Professor Mike Weed explores the interface of #PolicyAndEvidence in the COVID-19 response.

Ten weeks after it started, lockdown loosens!  From 1st June our youngest children will be going back to school, we can meet, party and barbeque in groups of up to six people (as long as we agree to clean each others toilets as we go), and we can even start to play sports again… or at least go for a walk with a stick and a ball!

But R, the number that holds the balance of whether infection rates grow or fall, remains fragile at just under one, and many people are unclear about how or what evidence has informed the government’s latest decision to loosen lockdown.  Has government, as it claims, been following the science, or is science, as some have argued, following the government?

Evidence-based policy, like evidence-based medicine, sounds simple and obvious, particularly during a health crisis like COVID-19.  But evidence-based policy is not the same as evidence-based medicine.  In medicine the questions are simple: does this medicine, or medical procedure, cure, ease or prevent disease? And if so, is it more or less effective and cost-effective than the next best option?  But for COVID-19, with no vaccine and no treatment, there is no medical solution, and until there is these questions are irrelevant.  For COVID-19, the evidence based questions for policy-makers are much more complex, and are about management rather than medicine, which demands a much wider range of evidence.

Purist advocates of evidence-based approaches argue that we should simply take the best evidence and let that dictate policy.  In this linear cipher model no political decision is necessary, because evidence provides a clear and simple answer about what policy should be followed.  This is the premise of evidence-based medicine, as well as being the basis of the claim from politicians and government that COVID-19 policy is “following” and is based on the science.  The implication, of course, being that the direct link between science and policy means that politicians cannot be blamed for COVID-19 outcomes.

Others argue that this medically derived approach is beyond naïve in understanding evidence-based policy, which is subject to multiple and varied influences, including that policy is inextricably political.  This multiple streams model, in which science, economic factors and public opinion, among others, inform a political decision, is favored by scientists, economists and other experts, who say that policy is informed by their evidence, and that politicians decide, whereas scientists, economists and other experts merely advise, and thus cannot be held responsible for COVID-19 outcomes.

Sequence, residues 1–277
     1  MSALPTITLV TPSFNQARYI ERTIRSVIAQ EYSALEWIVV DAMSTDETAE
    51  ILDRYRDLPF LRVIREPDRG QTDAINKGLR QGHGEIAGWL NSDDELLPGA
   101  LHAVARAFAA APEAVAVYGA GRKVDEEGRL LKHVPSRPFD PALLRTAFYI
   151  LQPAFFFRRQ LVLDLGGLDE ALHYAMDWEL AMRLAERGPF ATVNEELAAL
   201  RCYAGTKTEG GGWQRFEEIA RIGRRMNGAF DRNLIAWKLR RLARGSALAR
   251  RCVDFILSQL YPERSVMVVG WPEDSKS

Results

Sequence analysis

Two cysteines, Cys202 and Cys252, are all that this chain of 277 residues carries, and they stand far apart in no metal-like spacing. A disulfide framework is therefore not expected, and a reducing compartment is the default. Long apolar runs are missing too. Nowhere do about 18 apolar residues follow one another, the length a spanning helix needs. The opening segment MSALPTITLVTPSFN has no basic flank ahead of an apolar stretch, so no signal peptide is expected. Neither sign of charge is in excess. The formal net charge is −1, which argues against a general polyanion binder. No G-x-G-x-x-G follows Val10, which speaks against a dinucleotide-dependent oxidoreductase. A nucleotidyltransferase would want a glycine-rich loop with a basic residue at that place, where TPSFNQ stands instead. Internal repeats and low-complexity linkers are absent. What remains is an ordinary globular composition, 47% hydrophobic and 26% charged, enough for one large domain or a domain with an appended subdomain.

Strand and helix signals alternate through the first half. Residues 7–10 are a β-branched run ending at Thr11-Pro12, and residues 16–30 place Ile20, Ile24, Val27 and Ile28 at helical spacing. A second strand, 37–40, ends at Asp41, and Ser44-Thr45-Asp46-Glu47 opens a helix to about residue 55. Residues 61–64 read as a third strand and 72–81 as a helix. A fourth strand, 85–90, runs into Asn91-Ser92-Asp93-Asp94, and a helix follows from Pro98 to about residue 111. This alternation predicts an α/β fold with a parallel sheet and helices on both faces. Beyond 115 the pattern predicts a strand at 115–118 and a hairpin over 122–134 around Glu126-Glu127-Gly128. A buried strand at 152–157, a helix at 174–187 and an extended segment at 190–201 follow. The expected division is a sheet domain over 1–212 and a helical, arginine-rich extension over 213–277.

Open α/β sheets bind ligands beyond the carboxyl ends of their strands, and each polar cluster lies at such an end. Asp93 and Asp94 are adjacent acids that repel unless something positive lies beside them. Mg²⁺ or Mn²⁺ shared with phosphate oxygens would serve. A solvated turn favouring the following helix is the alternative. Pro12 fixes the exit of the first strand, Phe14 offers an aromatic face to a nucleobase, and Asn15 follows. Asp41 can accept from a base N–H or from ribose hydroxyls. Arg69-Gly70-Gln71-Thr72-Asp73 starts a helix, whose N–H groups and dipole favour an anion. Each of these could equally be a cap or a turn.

Unfortunately for both sides in this rather depressing blame game, evidence and policy interact in a much more complex melee model than either scientists or politicians will admit.  Political influences, rather than being an inappropriate interloper, are as much a stream of evidence as economic factors, public opinion and “the science”.  It is clear, for example, that scientific recommendations to government in the early stages of the COVID-19 outbreak were affected by “political evidence” about Boris Johnson’s socially libertarian leanings and a view that it would not be acceptable politically to shut the country down, and this ultimately delayed the lockdown decision.  The origin of this decision lies in the melee between politics and science, and neither group, no matter what they say or claim, can abdicate responsibility to the other.  

The same is true as we start to come out of lockdown on 1st June.  The decision to re-open schools, re-light barbeques, and re-allow us to bash balls with a stick emerges from the melee of evidence from science, politics, economics and social attitudes, and we all must take responsibility for it.  Whether they like it or not, politicians and scientists, like the rest of us, are in this together!

Mike Weed is Professor of Applied Policy Sciences, and Pro Vice-Chancellor (Research & Enterprise). This blog is part of a wider project at Canterbury Christ Church University that is exploring the interface of #PolicyAndEvidence in the COVID-19 response.